RFID in a Day Attracts Label Companies, Brands

By Claire Swedberg

SMAG Graphique is showcasing how RFID technology can be used for its label-converting equipment customers, as it recently released two new converting machines for UHF RFID-enabled product labels.

French label-converting company SMAG Graphique has been expanding its label equipment portfolio to include RFID-based systems that provide inlay insertion, encoding and control (validating the RFID functionality as well as verifying the encoding process). The company recently brought approximately 165 potential RFID technology users to its headquarters in Paris, France, so they could view how the technology is being used and the benefits it provides to retailers and other companies that require automated access to digital data via a product's label. RFID technology providers Nordic ID and Avery Dennison also participated in the event.

SMAG has provided label-converting solutions for high-value labels for approximately 40 years. These printed roll-to-roll label-converting machines are used for labels that are applied to premium products, such as wine, cosmetics, perfumes, handbags and other merchandise, explains Sandro Cardoch, SMAG's business developer and RFID specialist. "They like to have a beautiful label attached to their products," he says, "and that's what we do."

In fact, Cardoch says, the company has been among the top European suppliers for such narrow-web label equipment for the past 30 years. Around 70 percent of the firm's sales are in Europe, with the rest in North America and other parts of the world. Recently, with growth of the digital printing market, the company began looking at ways to innovate and diversify its offerings to compete with a new and changing market.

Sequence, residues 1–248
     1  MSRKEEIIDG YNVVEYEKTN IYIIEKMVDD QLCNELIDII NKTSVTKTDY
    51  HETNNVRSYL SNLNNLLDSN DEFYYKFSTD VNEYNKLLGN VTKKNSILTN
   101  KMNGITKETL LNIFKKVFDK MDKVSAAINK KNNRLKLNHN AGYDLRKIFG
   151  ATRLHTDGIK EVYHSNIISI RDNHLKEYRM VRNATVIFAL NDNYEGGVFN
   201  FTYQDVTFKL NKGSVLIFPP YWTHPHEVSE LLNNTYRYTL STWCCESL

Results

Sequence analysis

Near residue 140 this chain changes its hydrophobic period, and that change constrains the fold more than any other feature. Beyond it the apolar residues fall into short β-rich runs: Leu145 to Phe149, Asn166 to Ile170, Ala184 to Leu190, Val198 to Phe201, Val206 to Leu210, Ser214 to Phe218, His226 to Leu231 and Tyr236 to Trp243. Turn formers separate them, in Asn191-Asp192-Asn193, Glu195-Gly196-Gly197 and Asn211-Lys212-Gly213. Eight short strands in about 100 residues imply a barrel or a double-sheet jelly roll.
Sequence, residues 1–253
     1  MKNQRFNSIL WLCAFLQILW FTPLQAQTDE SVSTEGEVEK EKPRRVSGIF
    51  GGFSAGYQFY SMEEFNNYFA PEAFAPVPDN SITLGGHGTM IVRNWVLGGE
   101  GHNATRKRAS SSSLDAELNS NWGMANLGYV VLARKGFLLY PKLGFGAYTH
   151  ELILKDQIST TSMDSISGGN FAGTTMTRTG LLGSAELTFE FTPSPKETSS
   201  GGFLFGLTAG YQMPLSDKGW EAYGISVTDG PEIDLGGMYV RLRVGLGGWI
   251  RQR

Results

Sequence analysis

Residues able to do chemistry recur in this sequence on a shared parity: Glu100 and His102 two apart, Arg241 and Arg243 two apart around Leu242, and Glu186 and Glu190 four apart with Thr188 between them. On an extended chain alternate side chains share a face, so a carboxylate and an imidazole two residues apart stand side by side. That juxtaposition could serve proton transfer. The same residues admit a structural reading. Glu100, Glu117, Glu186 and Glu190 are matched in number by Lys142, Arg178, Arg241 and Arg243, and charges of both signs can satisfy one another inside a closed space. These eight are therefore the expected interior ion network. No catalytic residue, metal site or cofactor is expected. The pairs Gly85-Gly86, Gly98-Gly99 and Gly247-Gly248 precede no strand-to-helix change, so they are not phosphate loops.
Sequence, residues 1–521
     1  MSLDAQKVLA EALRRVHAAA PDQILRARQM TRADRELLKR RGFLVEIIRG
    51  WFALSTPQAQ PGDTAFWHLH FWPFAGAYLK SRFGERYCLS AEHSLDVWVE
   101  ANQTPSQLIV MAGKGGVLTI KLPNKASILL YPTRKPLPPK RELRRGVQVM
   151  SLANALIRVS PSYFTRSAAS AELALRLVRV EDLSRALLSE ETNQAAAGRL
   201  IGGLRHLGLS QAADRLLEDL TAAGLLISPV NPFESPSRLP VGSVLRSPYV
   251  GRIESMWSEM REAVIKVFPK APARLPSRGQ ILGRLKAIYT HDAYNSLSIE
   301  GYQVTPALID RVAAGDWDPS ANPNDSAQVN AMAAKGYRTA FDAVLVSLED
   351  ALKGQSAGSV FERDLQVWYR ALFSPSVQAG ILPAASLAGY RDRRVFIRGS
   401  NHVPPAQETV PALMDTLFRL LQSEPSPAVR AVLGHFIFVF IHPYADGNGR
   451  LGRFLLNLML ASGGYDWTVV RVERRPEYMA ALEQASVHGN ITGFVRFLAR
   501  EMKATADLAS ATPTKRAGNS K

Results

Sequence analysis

About a decade ago, SMAG Graphique began providing a machine capable of label converting that enables the addition of RFID inlays into each label. More recently, however, the company has added the functionality of encoding and control systems. SMAG now offers three versions of its RFID-enabled Iconnect machines. One (the Iconnect-c) offers converting only; RFID wet inlays can be inserted into each label to make it intelligent, and the machine enables the application of RFID inlays at a rate of up to 120 meters per minute. The second version (Iconnect-e) provides control—an additional validation process that ensures the tag remains readable. The third version offers both encoding and control; the control feature ensures that the tag within the label can be read effectively at specified distances so that it can operate as required by an end user.

SMAG's customers consist of label-printing companies that create their own custom label products that they then sell to brands and pharmaceuticals. Additionally, the firm sells its machines directly to some end users that utilize the equipment to print and encode the RFID-enabled labels for their own products as they are manufactured onsite. For the past two years, for instance, a pharmaceutical company in South Carolina has been using SMAG Graphique equipment to convert and encode its own labels for products that it sells to hospitals.

SMAG chose to host its RFID in a Day event because RFID technology use is growing, with more companies now seeking RFID-enabled labels. The event was held in June to bring awareness to its existing and potential customers about what RFID can accomplish. The response was greater than the company expected, Cardoch says. The event was focused on an international audience; the first two days targeted French-speaking customers, while the third day was presented to English-speaking speakers.